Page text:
UN to Move Aid Convoys Without Asking Permission
IN a policy switch, the United Nations will move its relief convoys through Bosnia under armed escort without negotiating their passage with the warring factions, a UN official said yesterday.
Rather than ask for permission to travel along key aid routes - which is often delayed or denied by the combatants - the UN now says it will simply give notice that its trucks are coming through, escorted by armed peacekeepers. The first convoy to move under these new rules is planned for today from Metkovic, on the border between Bosnia and Croatia, to Sarajevo.
Lt. Gen. Michael Rose's decision to move relief convoys without negotiating their passage marks a dramatic break. In less than a month as peacekeeping commander in Bosnia, he has negotiated a city-wide cease-fire between Muslim-led government forces and rebel Serbs in Sarajevo and helped broker a countrywide cease-fire between Muslims and rebel Croats.
Peace talks started in Washington on Saturday between the Muslim-led Bosnian government, the Croatian government, and the Bosnian Croat representatives to try to turn the cease-fire into a permanent peace.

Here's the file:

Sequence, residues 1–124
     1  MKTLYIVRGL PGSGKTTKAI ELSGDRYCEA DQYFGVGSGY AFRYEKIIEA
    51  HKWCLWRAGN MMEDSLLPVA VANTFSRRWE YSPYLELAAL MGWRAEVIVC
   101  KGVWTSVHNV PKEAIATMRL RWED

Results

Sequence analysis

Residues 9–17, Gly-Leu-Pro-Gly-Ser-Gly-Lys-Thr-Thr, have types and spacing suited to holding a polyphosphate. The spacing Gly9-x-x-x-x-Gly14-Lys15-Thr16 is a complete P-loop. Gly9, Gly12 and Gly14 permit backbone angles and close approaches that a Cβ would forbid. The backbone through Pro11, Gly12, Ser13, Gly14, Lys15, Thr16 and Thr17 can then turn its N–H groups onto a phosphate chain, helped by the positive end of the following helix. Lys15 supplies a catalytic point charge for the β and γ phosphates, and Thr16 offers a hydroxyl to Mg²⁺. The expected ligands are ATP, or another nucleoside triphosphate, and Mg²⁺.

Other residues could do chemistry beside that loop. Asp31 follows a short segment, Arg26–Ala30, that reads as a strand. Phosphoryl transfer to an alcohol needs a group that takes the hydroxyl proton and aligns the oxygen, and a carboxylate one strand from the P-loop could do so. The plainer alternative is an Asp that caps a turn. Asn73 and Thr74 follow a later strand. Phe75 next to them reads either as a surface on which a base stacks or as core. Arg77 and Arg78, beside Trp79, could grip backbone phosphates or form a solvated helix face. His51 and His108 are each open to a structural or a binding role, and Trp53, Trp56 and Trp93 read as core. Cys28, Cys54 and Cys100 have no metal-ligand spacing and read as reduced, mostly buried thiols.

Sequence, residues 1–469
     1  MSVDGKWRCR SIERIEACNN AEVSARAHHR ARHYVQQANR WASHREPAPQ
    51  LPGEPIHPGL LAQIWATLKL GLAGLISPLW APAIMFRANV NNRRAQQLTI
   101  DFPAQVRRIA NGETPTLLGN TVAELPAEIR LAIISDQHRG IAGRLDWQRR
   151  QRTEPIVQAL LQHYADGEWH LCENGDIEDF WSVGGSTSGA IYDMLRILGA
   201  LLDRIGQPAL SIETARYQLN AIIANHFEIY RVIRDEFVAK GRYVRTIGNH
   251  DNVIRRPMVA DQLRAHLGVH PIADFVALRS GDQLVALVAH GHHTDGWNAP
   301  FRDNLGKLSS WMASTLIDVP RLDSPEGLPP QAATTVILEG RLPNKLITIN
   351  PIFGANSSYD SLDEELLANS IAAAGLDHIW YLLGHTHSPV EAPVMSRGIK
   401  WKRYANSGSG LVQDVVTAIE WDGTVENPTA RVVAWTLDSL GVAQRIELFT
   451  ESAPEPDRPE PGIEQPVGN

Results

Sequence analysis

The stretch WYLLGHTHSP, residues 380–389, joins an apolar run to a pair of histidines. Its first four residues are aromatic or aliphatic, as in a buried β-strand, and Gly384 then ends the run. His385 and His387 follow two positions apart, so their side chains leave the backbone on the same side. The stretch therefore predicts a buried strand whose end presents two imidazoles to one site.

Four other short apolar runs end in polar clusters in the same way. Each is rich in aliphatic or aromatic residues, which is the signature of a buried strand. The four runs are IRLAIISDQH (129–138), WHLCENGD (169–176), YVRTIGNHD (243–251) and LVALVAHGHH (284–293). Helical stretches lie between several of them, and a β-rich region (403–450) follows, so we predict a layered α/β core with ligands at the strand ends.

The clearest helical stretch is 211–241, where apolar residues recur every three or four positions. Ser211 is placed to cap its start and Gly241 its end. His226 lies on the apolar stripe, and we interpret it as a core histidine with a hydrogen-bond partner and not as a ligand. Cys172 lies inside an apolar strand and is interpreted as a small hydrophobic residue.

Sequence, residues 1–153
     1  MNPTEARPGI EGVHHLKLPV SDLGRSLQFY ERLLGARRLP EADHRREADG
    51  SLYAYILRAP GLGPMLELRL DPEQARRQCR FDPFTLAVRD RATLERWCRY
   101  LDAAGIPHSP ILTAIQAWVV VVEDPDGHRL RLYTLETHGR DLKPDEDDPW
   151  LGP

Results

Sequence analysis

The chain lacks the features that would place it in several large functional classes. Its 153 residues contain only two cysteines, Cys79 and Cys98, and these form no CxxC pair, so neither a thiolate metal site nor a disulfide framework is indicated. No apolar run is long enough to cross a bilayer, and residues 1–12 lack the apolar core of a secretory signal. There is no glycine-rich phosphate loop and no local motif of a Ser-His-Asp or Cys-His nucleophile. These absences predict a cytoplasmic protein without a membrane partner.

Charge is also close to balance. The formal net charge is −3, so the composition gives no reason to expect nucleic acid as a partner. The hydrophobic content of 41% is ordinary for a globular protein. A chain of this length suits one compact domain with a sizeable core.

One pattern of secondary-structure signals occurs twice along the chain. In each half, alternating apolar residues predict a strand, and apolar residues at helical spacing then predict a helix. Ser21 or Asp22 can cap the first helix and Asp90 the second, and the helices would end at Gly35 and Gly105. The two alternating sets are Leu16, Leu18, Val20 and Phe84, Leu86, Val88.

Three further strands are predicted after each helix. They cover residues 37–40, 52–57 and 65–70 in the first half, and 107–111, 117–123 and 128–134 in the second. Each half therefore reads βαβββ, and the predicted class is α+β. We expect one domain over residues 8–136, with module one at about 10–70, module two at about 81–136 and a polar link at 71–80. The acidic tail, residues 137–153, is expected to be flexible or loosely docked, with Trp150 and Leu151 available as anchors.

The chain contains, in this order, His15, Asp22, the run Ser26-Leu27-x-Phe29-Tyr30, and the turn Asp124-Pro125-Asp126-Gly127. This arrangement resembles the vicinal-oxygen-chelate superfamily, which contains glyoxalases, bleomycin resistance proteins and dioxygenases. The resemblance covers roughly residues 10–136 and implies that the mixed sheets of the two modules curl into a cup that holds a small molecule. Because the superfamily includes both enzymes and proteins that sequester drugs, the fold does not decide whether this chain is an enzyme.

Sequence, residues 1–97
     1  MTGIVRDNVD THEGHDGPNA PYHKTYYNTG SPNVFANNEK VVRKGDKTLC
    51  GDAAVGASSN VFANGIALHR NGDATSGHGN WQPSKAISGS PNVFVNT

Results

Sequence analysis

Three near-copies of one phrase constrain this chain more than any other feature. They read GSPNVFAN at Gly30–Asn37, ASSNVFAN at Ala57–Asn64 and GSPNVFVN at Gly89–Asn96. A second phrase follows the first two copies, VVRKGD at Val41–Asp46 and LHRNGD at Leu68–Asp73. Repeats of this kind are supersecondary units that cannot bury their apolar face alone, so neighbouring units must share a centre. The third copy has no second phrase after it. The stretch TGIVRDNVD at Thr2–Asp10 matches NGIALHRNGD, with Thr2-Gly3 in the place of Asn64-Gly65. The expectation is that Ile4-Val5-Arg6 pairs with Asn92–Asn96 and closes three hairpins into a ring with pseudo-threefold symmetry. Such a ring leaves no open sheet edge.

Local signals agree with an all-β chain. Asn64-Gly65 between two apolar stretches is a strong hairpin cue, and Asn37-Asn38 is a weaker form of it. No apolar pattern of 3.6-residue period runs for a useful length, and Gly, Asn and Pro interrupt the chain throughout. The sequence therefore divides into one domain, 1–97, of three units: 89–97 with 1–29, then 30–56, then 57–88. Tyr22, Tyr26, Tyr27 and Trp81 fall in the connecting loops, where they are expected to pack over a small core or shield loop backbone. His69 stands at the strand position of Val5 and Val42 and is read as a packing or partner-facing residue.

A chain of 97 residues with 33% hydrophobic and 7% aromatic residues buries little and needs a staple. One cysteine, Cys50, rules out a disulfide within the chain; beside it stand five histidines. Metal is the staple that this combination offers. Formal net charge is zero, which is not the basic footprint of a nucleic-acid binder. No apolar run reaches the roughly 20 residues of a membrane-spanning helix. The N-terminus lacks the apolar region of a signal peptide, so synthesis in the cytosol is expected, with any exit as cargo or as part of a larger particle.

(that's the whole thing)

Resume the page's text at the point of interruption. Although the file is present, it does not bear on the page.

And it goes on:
Intense diplomatic efforts to craft a comprehensive political solution to Europe's worst conflict since World War II have given General Rose a chance to finally establish the UN's right to deliver humanitarian aid in Bosnia without getting permission from combatants. The general could also call on NATO warplanes patrolling the skies over Bosnia if his convoys are obstructed. The use of ``necessary force'' to deliver humanitarian aid, approved in UN resolutions in 1992, has never been invoked. Hundreds of UN convoys have been delayed or turned back over the course of the 22-month Bosnian war because one or more of the warring Muslim, Serb, and Croat factions failed to give permission for them to pass. Bombs explode in Northern Ireland
SEVERAL blazes broke out at shops in Northern Ireland early yesterday in an apparent firebomb blitz, police said.
No casualties were reported in the fires at Glengormley, Lisburn, Bangor, and Dunmurry - all towns close to Belfast. The explosions followed an all but final rejection by Sinn Fein president Gerry Adams of an Anglo-Irish peace plan for Northern Ireland. Mr. Adams told Sinn Fein's annual conference over the weekend that his party, the political wing of the Irish Republican Army, would shun Britain and Ireland's appeals to endorse it until the London government clarified the text.